September 28, 2022


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Delaware court rejects Musk's request to postpone Twitter's trial but agrees to request to add whistleblower claims

Delaware court rejects Musk’s request to postpone Twitter’s trial but agrees to request to add whistleblower claims

This illustration taken on August 5, 2022 shows a cell phone displaying an image of Elon Musk placed on a computer screen filled with Twitter logos in Washington, DC.

Samuel Corum | AFP | Getty Images

A Delaware court has rejected Elon Musk’s request to postpone the trial over his attempt to abandon a $44 billion acquisition deal. Twitteraccording to a new file released on Wednesday.

But the billionaire Tesla Chancellor Kathleen McCormick has decided that the CEO will be allowed to add claims from a Twitter whistleblower to his suit.

The trial is expected to begin on October 17, before the date Musk’s team requested in mid-November in the last batch.

“I have previously dismissed the defendants’ arguments in response to Twitter’s request to speed up, stating that the longer the delay until trial, the greater the risk of irreparable harm to Twitter,” McCormick wrote. “I am convinced that even a four-week delay would risk more damage to Twitter than would be warranted.”

However, McCormick said Musk’s request to amend his counterclaim removes the relatively “minimum” of court rules for doing so. Musk’s attorneys requested that claims be added regarding The whistleblower complaint was recently announced Written by former Twitter security chief Peter “Mudge” Zatko. Musk’s team argued in the complaint, which details what Zatko claimed were critical security failures by the company, that if true, Twitter would have breached the terms of the merger agreement.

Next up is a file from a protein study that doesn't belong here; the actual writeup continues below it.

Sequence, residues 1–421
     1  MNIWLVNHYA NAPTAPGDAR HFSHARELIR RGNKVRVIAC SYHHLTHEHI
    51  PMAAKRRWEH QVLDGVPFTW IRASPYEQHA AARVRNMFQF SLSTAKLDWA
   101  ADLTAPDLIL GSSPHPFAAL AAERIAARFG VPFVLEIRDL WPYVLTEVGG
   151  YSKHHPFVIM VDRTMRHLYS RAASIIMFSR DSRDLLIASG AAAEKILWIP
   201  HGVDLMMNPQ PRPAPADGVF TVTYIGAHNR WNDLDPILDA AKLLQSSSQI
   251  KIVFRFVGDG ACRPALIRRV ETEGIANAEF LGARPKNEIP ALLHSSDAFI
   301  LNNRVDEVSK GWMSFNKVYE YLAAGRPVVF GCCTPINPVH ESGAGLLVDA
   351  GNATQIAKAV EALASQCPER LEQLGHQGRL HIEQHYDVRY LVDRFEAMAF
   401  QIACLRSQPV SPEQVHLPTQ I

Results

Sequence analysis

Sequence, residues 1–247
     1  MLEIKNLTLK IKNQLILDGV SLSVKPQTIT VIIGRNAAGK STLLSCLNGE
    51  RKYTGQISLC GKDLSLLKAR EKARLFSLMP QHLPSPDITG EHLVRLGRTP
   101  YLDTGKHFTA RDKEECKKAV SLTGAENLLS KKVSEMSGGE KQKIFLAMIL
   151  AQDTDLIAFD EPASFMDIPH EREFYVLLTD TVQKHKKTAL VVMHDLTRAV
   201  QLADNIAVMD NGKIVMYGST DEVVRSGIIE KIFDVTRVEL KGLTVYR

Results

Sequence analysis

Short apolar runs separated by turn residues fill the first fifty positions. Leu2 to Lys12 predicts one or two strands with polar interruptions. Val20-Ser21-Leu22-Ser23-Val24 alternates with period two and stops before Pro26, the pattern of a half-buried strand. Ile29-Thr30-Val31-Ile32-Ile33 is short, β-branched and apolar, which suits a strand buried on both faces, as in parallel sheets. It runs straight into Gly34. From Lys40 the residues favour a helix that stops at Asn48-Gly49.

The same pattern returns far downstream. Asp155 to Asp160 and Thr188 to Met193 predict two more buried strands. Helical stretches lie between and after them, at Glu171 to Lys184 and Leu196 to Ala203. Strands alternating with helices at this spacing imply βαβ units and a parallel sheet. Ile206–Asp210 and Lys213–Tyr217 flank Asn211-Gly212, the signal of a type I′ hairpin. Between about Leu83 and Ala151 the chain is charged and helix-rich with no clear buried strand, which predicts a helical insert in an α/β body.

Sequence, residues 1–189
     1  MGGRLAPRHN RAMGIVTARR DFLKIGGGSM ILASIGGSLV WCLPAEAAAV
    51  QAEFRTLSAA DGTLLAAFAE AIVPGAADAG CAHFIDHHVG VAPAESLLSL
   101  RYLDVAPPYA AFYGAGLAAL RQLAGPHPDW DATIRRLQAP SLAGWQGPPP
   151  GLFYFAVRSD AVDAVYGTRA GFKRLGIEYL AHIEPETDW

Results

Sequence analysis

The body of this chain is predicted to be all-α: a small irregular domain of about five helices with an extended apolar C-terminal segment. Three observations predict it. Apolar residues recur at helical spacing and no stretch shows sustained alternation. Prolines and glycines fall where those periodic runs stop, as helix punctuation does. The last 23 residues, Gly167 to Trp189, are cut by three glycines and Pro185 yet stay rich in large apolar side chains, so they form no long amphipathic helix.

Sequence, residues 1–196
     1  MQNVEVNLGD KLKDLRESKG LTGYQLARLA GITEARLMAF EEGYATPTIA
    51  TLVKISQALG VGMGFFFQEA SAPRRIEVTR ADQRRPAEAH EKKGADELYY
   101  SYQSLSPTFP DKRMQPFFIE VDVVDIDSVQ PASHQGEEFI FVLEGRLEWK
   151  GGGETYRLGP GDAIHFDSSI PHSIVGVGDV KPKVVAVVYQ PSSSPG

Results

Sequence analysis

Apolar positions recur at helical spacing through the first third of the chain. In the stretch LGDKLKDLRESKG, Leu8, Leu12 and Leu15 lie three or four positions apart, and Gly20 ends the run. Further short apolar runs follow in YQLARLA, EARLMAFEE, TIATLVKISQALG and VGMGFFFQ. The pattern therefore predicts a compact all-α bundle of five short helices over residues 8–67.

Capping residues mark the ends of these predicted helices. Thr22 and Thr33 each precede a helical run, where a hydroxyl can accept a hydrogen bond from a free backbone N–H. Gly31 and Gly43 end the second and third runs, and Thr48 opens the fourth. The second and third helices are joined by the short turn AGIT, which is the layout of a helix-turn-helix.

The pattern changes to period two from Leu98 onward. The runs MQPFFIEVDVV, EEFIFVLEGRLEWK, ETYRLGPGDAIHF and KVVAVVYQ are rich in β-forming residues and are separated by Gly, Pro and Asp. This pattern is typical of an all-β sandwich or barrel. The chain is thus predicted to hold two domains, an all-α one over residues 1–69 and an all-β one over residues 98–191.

Shortly after Zatko’s allegations were made public, Twitter CEO Parag Agrawal said in a note To the staff first reported by CNN that while they were still reviewing the complaint, “it’s a misrepresentation riddled with inconsistencies and inaccuracies, and presented without important context.”

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Musk originally said he wanted to walk out of the deal because he had received insufficient reassurances from Twitter about the percentage of its monetized users that were in fact spam accounts.

McCormick said Musk’s team is only entitled to “additional discovery” based on the new allegations, including “discovery of targeted documents and a minimum of additional experts and fact witnesses.”

“We hope winning the amendment proposal will bring us a step closer to the truth emerging in the courtroom,” Alex Spiro, Musk’s attorney with Queen Emmanuel, said in a statement.

Twitter did not immediately respond to a request for comment.

WATCH: A timeline of the Elon Musk-Twitter acquisition saga